I long ago decided I wouldn’t keep a sparse mane or, worse, be a guy with a ponytail in back and nothing up top. And while I yet have time before those coiffures could come to pass, I’d much rather get ahead of the game.

Cuts are coming. Maybe colors, too. Might as well have some fun with it while there’s fun to be had.

Ten Damn Years

Happy anniversary to lastgreypoet.com, which was founded on Oct. 1, 2010.

I didn’t start writing then, of course, but it was at that point that I started to really want to write for myself, after years of writing only for pay for others.

Sometimes, like when I had a newspaper column, that meant I got to write more or less what I wanted. Most days, though, I wrote what I was paid to.

Thus, this place. My place.

It started on Blogspot — remember Blogspot? — but I soon sprang for my own domain, using my longtime online moniker.

Of all things, my first post here was about baseball.

Since then I have been consistently inconsistent in my posting. Good days, bad days. Bad years …

Anyway, thanks for being here, even if it’s your first day.

Tip of the Hat/Spear/Your Pun Here

I woke up this morning thinking about tipping.

No apparent reason, just where my brain went upon waking.

Waking early, I might add. 6:10 a.m. finds me at the keyboard with energy, so a brief treatise on tipping is what you get today.

(My brain interrupts me here to point out that a treatise is technically a longer and more formal work than what I am attempting here, and I should probably use the term spiel instead. Okay, brain, okay. Can we get to it now?)

I strive to be a good tipper. 

I have a solid floor of 20%.

That’s the bare minimum I can scribble my name to without feeling guilt. 

It’s also a minimum predicated on a couple of assumptions.

Assumption the first: I tip on the whole bill, not the pre-tax amount. I do this because it is more generous, and the math is easier.

Assumption the second: I tip on alcohol. Considering my drinking tendencies, this raises the floor considerably.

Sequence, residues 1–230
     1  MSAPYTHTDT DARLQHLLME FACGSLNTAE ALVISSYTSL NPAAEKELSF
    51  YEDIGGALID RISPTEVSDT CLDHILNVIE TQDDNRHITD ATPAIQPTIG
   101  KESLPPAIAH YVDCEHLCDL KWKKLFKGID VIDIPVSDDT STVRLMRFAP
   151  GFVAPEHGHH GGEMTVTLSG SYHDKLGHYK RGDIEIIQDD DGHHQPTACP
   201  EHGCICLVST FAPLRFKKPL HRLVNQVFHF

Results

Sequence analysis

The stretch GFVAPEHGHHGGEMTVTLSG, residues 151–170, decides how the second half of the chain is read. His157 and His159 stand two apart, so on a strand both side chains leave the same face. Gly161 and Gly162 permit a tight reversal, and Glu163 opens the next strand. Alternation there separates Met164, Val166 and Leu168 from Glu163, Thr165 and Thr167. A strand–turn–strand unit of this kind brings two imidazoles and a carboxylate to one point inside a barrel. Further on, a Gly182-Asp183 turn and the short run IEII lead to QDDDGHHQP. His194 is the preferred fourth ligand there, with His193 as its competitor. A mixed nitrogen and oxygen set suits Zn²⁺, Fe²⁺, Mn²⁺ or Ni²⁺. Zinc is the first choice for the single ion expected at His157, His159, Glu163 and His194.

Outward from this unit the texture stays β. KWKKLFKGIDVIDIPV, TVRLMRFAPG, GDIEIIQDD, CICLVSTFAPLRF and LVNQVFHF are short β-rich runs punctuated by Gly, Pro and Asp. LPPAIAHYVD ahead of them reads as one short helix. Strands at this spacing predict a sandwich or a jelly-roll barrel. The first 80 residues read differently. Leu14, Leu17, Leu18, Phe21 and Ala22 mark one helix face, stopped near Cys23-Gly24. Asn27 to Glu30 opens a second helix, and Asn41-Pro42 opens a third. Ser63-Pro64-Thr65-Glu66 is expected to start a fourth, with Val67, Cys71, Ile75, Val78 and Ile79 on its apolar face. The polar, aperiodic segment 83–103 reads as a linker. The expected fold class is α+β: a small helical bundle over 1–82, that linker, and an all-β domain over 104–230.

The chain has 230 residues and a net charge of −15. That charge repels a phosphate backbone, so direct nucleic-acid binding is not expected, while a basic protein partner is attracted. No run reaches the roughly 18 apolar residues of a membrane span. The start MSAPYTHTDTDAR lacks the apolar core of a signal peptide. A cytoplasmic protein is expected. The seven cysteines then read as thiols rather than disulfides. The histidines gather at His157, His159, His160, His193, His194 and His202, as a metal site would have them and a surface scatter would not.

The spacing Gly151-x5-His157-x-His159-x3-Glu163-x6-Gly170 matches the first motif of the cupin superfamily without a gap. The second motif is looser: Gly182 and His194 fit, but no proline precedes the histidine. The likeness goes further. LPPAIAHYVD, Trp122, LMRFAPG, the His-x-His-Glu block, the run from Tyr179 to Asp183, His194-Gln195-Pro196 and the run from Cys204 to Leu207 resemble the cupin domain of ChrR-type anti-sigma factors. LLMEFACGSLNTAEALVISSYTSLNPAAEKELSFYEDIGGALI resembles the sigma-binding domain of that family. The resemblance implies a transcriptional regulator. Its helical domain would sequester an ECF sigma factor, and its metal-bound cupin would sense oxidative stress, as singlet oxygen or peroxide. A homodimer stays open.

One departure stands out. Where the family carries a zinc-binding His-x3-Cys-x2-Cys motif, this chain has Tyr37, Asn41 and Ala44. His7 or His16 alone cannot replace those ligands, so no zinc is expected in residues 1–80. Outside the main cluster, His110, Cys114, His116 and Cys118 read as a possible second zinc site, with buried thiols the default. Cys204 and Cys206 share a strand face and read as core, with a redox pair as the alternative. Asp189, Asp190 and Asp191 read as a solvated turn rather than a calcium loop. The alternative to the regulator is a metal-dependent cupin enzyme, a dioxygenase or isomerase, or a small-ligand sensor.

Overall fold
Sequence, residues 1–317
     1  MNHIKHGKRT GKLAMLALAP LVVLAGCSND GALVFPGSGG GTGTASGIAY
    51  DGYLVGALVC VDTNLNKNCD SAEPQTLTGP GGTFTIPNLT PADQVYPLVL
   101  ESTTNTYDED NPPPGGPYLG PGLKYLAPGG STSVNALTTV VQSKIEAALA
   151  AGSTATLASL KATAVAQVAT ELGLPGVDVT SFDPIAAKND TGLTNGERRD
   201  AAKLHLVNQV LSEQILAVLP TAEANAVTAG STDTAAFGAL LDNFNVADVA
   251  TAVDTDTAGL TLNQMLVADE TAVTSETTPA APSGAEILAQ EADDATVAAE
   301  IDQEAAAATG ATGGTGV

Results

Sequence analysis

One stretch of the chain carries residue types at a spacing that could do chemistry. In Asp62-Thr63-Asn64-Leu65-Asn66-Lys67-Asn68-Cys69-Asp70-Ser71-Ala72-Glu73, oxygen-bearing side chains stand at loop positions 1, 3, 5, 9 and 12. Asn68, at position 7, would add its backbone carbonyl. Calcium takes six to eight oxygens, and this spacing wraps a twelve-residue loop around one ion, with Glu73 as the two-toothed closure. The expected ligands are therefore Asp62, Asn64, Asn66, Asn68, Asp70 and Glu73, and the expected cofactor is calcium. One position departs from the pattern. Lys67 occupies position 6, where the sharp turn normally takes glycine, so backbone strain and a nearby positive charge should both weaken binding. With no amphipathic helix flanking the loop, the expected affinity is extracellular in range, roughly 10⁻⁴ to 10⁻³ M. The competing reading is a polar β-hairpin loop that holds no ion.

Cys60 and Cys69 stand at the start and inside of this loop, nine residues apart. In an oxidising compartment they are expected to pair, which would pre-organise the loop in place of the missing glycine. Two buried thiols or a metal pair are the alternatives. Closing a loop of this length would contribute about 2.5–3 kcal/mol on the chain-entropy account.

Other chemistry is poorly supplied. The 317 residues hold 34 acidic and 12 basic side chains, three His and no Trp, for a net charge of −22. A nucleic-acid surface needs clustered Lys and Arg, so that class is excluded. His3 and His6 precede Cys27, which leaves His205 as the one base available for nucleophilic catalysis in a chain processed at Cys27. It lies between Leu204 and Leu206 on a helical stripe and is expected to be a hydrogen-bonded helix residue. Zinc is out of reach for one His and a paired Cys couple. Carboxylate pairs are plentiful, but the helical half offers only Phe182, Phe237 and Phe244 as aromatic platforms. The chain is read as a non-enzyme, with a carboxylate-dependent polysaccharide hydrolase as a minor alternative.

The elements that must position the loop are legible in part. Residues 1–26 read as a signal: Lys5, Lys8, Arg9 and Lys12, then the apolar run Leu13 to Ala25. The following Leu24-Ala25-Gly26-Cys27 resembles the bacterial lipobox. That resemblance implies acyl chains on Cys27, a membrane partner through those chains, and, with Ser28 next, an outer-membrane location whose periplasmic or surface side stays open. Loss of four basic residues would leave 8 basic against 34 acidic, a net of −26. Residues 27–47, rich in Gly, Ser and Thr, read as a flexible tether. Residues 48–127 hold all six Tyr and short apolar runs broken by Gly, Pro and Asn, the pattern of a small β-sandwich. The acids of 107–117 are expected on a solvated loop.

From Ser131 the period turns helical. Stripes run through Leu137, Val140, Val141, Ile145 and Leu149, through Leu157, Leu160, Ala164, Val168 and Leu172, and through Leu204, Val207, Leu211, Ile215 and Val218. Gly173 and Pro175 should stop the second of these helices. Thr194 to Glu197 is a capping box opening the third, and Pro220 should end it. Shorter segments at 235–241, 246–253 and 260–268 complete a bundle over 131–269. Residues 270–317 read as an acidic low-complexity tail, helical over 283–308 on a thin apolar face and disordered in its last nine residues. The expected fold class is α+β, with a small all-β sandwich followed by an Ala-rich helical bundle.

Now, I’ve read tipping guides that advise you to not do those things, to which I say: Fuck off. I’m trying to be a decent human here.

So, we’ve set a floor. Is that enough?

Sometimes it isn’t. If I am, for example, eating alone at a Waffle House, the tab can be a single-digit number. In such cases, I have a $5 minimum.

Why $5?

As My Friend Who Likes To Punch People For Recreation once so eloquently put it, giving someone a dollar today is like your grandpa giving you a quarter when you were a kid. It’s pat-on-the-head money, not a living wage. I won’t leave the equivalent of a small pile of change on the table, and I don’t believe a diner server should get stiffed just because they didn’t get a steakhouse job instead. Start at $5 and go up from there as if that were 20%.

Having set the floor, it’s pretty easy to raise it. Decent work merits 25%, and I’ll go 30% for someone who makes me laugh.

Wait, wait, I hear.

(And I pause at the unintended pun, then realize there is no such thing as an unintended pun once you acknowledge it. So, leave it, or make a different choice, writer-person.)

Wait, wait, I hear.

What if their service was bad?

Read the room. Is the waitstaff busy as hell, working multiple tables? Is the kitchen backed up? Are there complicated orders (from your table or others)?

These are all reasons to raise your tip, not lower it.

What if they were rude?

How rude we talking? Southern rude? Did she bless your heart? Northern rude? Was the word fuck uttered as a casual adjective? Northwestern rude? Indifference?

Again, read the room. Put yourself in those shoes.

(Geez, you should have good shoes to wait tables.)

Try to think of a reason to hold steady or raise the tip, rather than look for ways to lower it.

Maybe it’s a first day/bad day/last day. Maybe their dog died. Maybe their lover is leaving. Maybe they don’t have a lover, and they are confused about love in general, filled with despair at the existential loneliness that is life, waiting tables to pay the rent on a place they don’t like but is (barely) affordable, living without parents who can afford to offer financial assistance that, even if such were possible, they would turn down on principle, and the power bill is due …

You get the point.

(I people-watch and sometimes daydream lives for the mental exercise. No, wait — that’s not the point. The point is …)

You never truly know. Err on the side of giving someone a living wage.

Which brings me to geography.

This spiel is focused on life in the States, as our (wealthy, developed) nation nonetheless has basically no laws in place to provide a living wage to members of the service class.

Tipping isn’t a nicety; it’s a necessity.

If you feel that shouldn’t be the case, fine. Vote and advocate accordingly. I’m with you. Meanwhile, tip well.

Which brings me to the assholes.

Low tip? Change on the table? Always looking for reason to lower the tip?

Assholes, all.

Then there are the very special assholes, the ones who don’t tip on principle.

Buddy, get some better principles. I get it, you saw Reservoir Dogs at an impressionable age, and Mr. Pink’s anti-tipping tirade really moved you.

a) You’re an asshole.

b) Everyone in that movie is an asshole.

c) Tarantino is an asshole.

d) Joe, while still an asshole, was correct: “Never mind what you normally would do. Just cough in your goddamned buck like everyone else.”

e) You’re an asshole.